The Neptune project, being led by the University of Victoria, is quite a considerable undertaking. The first stage of the plan is to make an 800km loop of fibre-optic and electrical cable and use it to connect five living room sized automated underwater data collection systems called ‘nodes.’ These will track fish stocks and undersea earthquakes, while collecting other kinds of data on an ongoing basis. This will be the first cabled ocean observatory with multiple nodes.
Ultimately, the system will expand to include 3000km of powered fibre-optic cable connecting a larger number of nodes, all capable of returning data in real time. Compared with systematic collection of data (go to a spot at set intervals and check what is happening) or sporadic collection (just use whatever data becomes available from whenever people happen to be in a place), real time data allows for different sorts of analysis and more comprehensive evaluations. The nodes will contain instruments including temperature meters, conductivity meters, pressure gauges, acoustic dopplers and hydrophones, current meters, wave sensors, electrometers, seismometers, cameras, nutrient monitors, sample storage containers, and autonomous robots.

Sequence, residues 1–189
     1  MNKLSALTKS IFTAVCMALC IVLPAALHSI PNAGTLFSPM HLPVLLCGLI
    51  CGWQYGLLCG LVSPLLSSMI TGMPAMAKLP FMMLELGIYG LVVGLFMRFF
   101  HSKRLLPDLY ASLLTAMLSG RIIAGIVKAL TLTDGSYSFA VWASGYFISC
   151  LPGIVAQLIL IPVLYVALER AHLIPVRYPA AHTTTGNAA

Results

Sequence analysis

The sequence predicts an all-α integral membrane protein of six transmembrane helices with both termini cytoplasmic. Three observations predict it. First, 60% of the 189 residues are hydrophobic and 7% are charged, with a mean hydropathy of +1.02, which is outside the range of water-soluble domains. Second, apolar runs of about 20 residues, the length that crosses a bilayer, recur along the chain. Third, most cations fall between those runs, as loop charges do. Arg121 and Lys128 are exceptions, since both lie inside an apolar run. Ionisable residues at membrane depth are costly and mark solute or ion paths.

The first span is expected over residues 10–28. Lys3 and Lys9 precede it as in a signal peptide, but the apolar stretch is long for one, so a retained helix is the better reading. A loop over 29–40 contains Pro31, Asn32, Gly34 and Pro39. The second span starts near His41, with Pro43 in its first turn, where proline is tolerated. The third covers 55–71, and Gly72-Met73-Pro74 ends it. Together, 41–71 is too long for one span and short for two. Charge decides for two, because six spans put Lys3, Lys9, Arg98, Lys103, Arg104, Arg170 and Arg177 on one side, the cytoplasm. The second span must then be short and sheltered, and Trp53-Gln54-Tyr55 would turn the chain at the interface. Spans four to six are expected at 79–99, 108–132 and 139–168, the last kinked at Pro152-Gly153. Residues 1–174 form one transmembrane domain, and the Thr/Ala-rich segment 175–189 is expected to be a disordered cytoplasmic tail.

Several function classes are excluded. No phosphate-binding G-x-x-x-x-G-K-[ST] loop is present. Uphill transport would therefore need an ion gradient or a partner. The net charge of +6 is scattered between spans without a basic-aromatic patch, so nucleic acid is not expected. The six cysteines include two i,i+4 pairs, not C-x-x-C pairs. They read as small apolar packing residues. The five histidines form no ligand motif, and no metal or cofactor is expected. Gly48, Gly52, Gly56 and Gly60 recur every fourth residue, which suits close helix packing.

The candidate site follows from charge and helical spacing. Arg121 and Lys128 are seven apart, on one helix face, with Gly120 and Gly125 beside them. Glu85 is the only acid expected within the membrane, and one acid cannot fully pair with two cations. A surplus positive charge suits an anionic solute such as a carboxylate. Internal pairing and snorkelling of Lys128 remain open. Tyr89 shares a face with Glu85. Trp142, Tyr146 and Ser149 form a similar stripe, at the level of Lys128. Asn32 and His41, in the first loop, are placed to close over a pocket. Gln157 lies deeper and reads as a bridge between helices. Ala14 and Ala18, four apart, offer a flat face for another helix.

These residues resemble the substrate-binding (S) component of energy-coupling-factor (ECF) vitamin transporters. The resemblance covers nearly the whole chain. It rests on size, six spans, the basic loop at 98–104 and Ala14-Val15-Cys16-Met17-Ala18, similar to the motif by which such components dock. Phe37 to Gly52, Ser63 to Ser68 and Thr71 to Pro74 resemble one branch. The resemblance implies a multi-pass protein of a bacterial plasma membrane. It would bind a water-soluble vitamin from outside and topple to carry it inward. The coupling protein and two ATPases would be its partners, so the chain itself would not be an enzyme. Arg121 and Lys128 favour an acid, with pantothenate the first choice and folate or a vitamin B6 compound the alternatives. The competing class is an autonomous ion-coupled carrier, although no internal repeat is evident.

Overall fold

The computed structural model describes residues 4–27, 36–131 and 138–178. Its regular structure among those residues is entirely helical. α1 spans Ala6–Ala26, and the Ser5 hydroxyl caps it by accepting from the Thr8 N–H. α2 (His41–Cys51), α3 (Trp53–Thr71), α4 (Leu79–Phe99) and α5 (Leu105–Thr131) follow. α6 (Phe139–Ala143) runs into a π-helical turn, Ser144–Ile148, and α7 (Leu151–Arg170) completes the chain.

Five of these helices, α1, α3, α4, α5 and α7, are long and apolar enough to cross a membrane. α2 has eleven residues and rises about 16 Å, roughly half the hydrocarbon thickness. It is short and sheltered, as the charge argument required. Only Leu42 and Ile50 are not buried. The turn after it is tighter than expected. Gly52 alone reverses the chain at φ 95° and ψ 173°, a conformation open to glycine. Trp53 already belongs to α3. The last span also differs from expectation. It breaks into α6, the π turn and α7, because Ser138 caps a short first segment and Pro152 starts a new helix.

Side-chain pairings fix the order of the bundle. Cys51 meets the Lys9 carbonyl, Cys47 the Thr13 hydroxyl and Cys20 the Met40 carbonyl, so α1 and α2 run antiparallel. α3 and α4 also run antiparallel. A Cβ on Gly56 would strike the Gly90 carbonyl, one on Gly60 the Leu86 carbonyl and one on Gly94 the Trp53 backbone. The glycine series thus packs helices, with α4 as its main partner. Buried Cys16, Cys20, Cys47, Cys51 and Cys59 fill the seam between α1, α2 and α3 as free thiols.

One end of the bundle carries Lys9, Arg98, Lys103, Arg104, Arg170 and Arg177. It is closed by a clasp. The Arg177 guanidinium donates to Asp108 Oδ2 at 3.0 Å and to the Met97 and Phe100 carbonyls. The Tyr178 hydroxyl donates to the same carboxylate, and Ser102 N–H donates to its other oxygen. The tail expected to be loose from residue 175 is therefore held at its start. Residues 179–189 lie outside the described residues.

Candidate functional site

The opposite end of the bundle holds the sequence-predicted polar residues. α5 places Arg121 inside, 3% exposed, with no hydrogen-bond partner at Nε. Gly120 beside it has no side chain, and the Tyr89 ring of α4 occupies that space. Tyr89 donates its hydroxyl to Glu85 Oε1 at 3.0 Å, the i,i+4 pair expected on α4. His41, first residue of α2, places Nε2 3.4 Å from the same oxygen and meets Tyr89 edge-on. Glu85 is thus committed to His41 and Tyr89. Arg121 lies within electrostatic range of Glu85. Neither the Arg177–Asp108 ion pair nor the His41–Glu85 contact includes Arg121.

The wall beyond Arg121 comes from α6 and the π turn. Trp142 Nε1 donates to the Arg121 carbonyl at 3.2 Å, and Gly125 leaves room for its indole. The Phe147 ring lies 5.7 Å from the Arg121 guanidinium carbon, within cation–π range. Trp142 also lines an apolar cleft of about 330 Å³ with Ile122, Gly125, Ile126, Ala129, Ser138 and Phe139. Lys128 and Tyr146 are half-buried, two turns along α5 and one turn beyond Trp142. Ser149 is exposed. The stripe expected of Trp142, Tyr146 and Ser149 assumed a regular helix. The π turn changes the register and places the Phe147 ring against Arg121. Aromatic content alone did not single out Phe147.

The system should offer some useful data on migratory fisheries and whale movements, as well as the ominous rumblings of the Juan de Fuca plate, extending from British Columbia down to Oregon. It will also contribute to a more systematic understanding of ocean geology and ecology in general.